On each floor, across from the elevator, is a chute where we plummet garbage down to the basement incinerator. There is no excuse for a cluttered room, messy hallway, overflowing waste can. When you open the metal door, much like an enormous mailbox, the hot breath of rotting and burning blasts in your face, so we learn to stand to the side and dump quickly. This is a novelty that doesn’t wear off. Anytime we go past, we toss small bits of trash. The chute eats everything.
On the eleventh floor is a man named Bruce. On each floor, the coveted rooms are the four corners, the only rooms with two windows. Long-standing residents and floor superintendents live in these palaces. They have one extra tile to a row, which means eight extra square feet. Bruce is in the northwest corner overlooking the quad, the Fox River, the cafeteria, the pines. We’ve heard he is situated just right that no matter where he looks, he can’t see the perimeter walls.
He also has an oriental carpet. There are varying rumors how he pulled that off, but no one seems to know. Bruce wears glasses, looks perpetually shocked and can typically be found reading or typing on a clackety-click typewriter. Pages fall to the floor, stacks of books line his walls. It is because of that frozen facial expression, one of part terror, part confusion, we call him How-Did-I-Get-Here-Bruce. We also imitate him and hold contests at the bar: who can look the most bewildered. He or she most Brucian gets three free shots — bartender’s choice — and a coconut juice chaser. No one remembers how that got started either. There is a lot of lack-of-memory-business going around with the tavern crowd.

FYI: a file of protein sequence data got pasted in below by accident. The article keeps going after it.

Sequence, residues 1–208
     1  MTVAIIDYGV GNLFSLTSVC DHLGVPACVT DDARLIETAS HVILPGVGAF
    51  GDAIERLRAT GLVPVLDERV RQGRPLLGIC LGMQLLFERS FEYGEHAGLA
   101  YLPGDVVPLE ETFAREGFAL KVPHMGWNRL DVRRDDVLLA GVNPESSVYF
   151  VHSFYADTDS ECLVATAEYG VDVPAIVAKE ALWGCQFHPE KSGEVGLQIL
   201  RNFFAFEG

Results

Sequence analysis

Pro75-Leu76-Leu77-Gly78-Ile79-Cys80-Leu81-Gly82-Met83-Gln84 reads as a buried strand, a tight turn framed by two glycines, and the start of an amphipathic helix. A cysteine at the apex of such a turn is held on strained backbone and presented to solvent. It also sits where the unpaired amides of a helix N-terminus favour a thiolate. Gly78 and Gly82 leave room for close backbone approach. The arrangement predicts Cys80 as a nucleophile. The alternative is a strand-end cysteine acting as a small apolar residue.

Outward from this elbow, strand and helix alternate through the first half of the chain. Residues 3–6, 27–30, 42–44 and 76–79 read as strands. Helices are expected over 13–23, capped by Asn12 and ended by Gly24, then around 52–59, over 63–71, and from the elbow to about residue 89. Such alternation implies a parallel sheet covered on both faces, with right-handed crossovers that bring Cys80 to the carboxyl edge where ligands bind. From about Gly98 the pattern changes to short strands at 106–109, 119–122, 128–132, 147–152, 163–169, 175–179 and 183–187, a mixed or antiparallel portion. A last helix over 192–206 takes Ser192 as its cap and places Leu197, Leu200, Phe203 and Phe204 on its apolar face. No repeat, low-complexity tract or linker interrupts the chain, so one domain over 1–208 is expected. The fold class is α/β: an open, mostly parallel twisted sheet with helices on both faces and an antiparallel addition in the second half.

At some point in the far past, the college had an open campus. Students could leave at will. This is hard for us to imagine, seeing our families, going to Green Bay for a game, that sort of thing. We’re here for five years to get the mandatory degree and we’ll be traveling then, or so we hope. No one ever returns from the outside, to hang out with us here at Oshkosh, so we just keep on going to classes, waste the evening at the many bars — no one seems to be able to keep track of the exact count — and trudge to the cafeteria. Over and over.
Which brings us back to Bruce. Everyone can agree on one thing: He has been here always. He’s much older than us. What we mean is: He’s a lifer somehow. Everyone else graduates, does the ceremony with hats in the air and beer pouring on heads. The metal gates open and there departs class of ’XX.
Not Bruce. He types, he reads. No one has ever seen him wipe his glasses. A small gold-plated label on his door that mystifies all: Holland Rogers.
We stumble-fall, burping, half-puking, swirling in from the bar one night. When the elevator opens, there is Bruce at the chute: one hand on what appears to be an ankle with a shoe attached, pushing. We’re so wasted; we decide we must not be seeing what indeed we’re seeing.
In the morning when comparing memories the only thing we can agree on is a single foot and Bruce. Some say a tennis shoe, others a wingtip. Did he hold that shoe, daring us to notice? Did he look shamefaced and shove? There isn’t enough evidence for anyone to make much of it and we are such poor witnesses. Unreliable narrators! This admission causes hilarity and a round of morning shots.